I really enjoy flying my old HP-14. It is a lot of performance for the dollar. If you follow all the links you will see that I enjoy making modifications. Some to improve performance, and some just because I want to.

Just a short note. The type of ticket required to fly an aircraft here in the US depends on what is stated on the Air Worthiness certificate (AWC). If the bird in question (RF4) AWC states it is an "Airplane" then you must have a SEL to legally fly it. If the AWC states "Glider" then you must have a glider rating with a self-launch endorsement in your log book.



"Brian Whatcott" wrote in message ...
That's a good looking sailplane Wayne. I loved the brag about holding
down to 18000 ft. I have had lots of pleasure flying a Fournier RF4
down to the Channel Islands. That was often billed as a self-launch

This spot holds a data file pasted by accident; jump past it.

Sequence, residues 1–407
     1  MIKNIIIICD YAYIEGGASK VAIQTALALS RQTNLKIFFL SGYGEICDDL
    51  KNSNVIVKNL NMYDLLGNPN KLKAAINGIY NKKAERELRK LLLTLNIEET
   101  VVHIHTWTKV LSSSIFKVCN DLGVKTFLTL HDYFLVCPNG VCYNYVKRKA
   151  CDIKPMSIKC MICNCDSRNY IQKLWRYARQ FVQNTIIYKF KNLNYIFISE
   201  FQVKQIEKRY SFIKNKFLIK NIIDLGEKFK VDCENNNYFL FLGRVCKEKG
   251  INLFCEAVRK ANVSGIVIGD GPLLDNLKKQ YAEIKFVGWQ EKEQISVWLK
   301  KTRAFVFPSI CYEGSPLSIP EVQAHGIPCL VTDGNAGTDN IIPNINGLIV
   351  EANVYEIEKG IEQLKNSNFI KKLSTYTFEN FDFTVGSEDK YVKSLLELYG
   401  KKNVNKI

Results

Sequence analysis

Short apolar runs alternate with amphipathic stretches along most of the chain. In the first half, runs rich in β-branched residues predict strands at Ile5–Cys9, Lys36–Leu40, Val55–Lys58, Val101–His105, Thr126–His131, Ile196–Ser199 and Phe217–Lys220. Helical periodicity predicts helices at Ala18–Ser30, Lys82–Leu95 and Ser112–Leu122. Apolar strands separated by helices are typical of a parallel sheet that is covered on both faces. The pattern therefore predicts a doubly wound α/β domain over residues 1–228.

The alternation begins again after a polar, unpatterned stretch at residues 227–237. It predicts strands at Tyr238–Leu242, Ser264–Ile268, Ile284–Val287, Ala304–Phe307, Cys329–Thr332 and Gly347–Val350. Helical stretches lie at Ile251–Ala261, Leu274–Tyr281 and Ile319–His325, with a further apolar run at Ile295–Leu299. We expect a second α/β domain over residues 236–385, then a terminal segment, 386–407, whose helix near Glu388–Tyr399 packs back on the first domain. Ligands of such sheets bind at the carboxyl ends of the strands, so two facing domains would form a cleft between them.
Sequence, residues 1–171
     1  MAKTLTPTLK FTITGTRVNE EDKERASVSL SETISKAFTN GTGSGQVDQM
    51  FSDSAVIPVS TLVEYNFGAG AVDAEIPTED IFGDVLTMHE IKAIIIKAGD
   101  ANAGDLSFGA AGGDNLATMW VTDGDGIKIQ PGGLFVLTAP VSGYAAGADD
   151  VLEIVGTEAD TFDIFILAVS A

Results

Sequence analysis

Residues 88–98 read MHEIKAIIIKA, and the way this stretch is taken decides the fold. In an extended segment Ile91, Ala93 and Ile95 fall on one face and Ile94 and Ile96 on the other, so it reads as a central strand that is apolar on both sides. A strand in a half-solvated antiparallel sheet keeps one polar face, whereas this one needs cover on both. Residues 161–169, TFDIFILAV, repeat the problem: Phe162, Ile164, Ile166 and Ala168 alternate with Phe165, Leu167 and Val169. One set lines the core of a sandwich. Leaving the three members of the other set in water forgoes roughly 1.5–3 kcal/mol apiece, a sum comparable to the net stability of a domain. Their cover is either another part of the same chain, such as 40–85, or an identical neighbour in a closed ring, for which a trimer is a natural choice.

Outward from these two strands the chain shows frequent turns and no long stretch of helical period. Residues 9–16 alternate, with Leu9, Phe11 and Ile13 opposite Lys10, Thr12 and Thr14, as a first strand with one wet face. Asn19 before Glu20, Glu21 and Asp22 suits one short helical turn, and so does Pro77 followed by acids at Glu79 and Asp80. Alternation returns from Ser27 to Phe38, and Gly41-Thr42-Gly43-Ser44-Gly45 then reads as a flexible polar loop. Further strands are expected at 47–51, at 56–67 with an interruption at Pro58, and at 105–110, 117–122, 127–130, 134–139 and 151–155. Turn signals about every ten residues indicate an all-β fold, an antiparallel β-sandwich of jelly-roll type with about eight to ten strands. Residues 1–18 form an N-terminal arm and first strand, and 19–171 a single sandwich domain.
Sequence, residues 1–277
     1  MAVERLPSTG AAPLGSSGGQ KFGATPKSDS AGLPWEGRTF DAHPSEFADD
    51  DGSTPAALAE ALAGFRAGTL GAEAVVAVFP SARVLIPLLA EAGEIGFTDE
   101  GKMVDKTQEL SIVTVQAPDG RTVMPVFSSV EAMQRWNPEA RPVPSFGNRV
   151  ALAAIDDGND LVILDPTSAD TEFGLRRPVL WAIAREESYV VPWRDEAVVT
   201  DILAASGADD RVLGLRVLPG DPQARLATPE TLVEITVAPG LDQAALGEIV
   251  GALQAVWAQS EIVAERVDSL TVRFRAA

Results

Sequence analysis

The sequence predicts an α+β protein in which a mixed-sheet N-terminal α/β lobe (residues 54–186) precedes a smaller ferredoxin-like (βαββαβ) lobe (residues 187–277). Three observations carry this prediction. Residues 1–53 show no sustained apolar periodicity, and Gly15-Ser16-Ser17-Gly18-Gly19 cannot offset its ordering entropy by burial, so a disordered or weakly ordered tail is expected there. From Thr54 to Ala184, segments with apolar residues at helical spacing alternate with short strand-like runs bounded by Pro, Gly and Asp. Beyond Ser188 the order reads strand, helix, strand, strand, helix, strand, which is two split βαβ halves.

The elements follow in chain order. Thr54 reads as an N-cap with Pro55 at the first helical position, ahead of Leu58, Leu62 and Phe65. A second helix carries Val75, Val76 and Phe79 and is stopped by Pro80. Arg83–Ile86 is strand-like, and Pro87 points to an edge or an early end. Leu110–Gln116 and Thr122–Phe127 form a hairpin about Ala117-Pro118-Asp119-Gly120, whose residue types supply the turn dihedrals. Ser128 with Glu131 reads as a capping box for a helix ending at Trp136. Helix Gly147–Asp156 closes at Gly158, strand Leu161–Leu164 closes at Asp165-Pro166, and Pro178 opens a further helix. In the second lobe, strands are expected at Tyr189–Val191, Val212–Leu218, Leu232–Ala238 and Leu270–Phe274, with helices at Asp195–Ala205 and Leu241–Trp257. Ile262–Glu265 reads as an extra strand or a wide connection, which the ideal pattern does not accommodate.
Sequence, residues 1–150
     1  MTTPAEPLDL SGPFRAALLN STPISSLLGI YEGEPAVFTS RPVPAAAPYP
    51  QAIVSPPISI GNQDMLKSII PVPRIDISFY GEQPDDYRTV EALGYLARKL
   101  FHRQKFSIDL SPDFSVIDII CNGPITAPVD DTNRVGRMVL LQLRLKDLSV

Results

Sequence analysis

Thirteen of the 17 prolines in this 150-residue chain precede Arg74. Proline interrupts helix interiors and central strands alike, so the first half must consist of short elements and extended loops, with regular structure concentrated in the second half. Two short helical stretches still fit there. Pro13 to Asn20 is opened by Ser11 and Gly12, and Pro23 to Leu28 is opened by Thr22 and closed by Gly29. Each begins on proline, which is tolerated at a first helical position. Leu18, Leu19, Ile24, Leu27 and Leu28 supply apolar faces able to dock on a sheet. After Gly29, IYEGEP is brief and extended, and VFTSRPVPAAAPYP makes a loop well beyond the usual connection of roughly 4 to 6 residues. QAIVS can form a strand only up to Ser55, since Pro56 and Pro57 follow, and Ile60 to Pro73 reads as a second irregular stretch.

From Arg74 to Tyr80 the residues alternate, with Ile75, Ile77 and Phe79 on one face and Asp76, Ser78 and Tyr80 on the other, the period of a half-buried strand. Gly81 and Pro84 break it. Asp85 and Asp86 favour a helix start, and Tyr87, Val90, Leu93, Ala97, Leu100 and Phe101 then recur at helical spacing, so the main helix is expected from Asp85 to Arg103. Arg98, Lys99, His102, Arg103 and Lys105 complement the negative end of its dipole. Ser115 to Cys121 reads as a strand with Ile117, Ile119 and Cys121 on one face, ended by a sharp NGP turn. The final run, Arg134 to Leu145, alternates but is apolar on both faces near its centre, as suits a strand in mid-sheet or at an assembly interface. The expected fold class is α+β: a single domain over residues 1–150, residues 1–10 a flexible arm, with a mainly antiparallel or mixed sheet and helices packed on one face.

glider, though I flew it on a private SEL ticket.

Brian W

Wayne Paul wrote:
Brian,

You might want to look into the Experimental Soaring Association. (http://www.esoaring.com/) There is quite a bit going on. Each year there is both Eastern and Western Workshops, etc.

Back in the 1960s and 1970s there was a lot of activity in the homebuilt sailplane community. In fact I purchased and currently fly a sailplane from that era. (http://www.tinyurl.com/N990-6F) My website features sailplanes designed by Dick Schreder (http://www.soaridaho.com/Schreder)

Depending on where you live one of Sandlin's designs could give you a lot of enjoyable flying.

Cheers,
Wayne


"Brian Whatcott" wrote in message ...
I was browsing with homebuilt for a keyword, and ran into that
delightful web site that features Goat, Bug, and kindred ultralight
gliders or as he prefers to think of them, flying chairs.

It's not so often you run into free for downloading drawings, in various
standards. Drawn beautifully, and which give a distinct impression of
being pretty much unbreakable in normal use, and offering a way out in